This sentence is the most important, you have to get caught right away. Otherwise the risk is that you give up already here. But if you’ve made it here, I want to share with you an ill-concealed secret: It is difficult to write. To attract and retain your interest, while your phone signaling unread emails or any aunt like a video with a sweet Slow Loris you shared – it is a challenge.
And yet we write. Perhaps more than ever.
It is often referred to a study which claims that every third Swedish want to publish a book and it will always books with tips on how to write like a Nobel Prize winner, or at least a decent mystery writers. Magazines and coaches gives ten tips, you just need to get on with your novel. A successful financial puppy does not seem to have reached the roof of the doghouse before the hen has shared his staggering business in a fairly dull, spökskriven biography.
One should be careful in the choice of words. Every third person want to get , a book published. Not necessarily write it. There is a difference between being hungry and cook a five-course dinner.
Working on a culture editorial because you think about books, according to a colleague’s formulation to work on the slaughterhouse to be like animals.
Still, I love books. Not only the literature, but also the physical objects. But even a romantic can sense a wave of futility, when bokfloden Wells strongest. At this time of the year there about forty books a day to editors. And the numbers seem to be increasing a little each year. It’s basically pleasing, but it is reasonable to ask: Do all these people writing books?
For every aspiring writer, I would therefore recommend two essential addition to the release, which makes one ask the hard questions about her writing.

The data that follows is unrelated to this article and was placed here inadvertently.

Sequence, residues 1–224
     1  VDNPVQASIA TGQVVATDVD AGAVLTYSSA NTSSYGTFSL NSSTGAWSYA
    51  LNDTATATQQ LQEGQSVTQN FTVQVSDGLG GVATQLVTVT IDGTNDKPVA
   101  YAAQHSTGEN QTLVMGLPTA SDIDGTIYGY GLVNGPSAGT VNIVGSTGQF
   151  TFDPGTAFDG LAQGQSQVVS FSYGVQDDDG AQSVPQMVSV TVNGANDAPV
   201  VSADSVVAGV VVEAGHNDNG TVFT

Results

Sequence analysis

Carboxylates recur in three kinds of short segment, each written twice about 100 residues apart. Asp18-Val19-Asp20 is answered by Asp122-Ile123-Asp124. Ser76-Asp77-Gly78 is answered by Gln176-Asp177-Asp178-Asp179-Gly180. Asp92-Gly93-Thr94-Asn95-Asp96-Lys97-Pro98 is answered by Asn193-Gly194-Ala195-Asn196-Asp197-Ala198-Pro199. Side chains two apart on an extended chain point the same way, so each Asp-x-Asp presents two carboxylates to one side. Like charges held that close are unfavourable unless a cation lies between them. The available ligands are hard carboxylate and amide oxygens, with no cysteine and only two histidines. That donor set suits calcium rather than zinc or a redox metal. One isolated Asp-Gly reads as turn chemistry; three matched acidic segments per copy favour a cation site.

Leo Hallerstam have on publisher Wolf & amp; Theory made a rather free and successful translation of Rainer Maria Rilke’s “Letters to a Young Poet”. There is a raging nice book about life and literature, with (even for our days) radical ideas about sex and gender. The book consists of ten letters from the last century, as Rilke wrote to Franz Kappus – an officer student with a poet’s dreams.
And to the publisher Trombones small publications Sulfur containing the titles of only 16 pages, Jonas Ellerström translated “By flames, “a selection of lovely poetikaforismer of the now 97-year-old American beat poet Lawrence Ferlinghetti. Poetics deals with what poetry is all about, but also what it could or should be.
The two books should be read in its entirety, but I have recently carried them within me like a demanding dialogue .
Ferlinghetti: reinvent the idea of beauty.
Rilke: Admit to yourself yourself whether you had to die if you were forbidden to write.
Ferlinghetti: Speak the unspeakable, makes the invisible visible.
Rilke: If your daily life seems poor, do not blame everyday life; blame yourself, admit that you are not poet enough to discover its riches.
Ferlinghetti: Pronounce new truths that the world can not deny.
Rilke: Ten years is nothing. To be an artist means never to count and calculate, but to mature as a tree.
Be honest: Matures you really like the tree?
If you do not have time to read so you do not have time (or tools) to write, wrote Stephen King. I hope you have had time to read this far, because I want unabashedly join with the crowd of literary advisor and assert the following: second after the first is the most important sentence in a text last. A really strong final sentence lights back on throughout the gray body of the text above it and get it to shine. It may come as a bolt from the blue or neatly tie together. It can serve as a dramatic exclamation point or a colon that opens onto the infinite.
And if you do not consider themselves to reach those heights on his own, you can always leave it to a master to send the reader with some comforting words.
I can not.
No one can.
It must be said: we can not.
And yet we write.
This quote from Marguerite Duras is taken from the “writing”, translation Kennet Klemets (Ellerströms, 2014).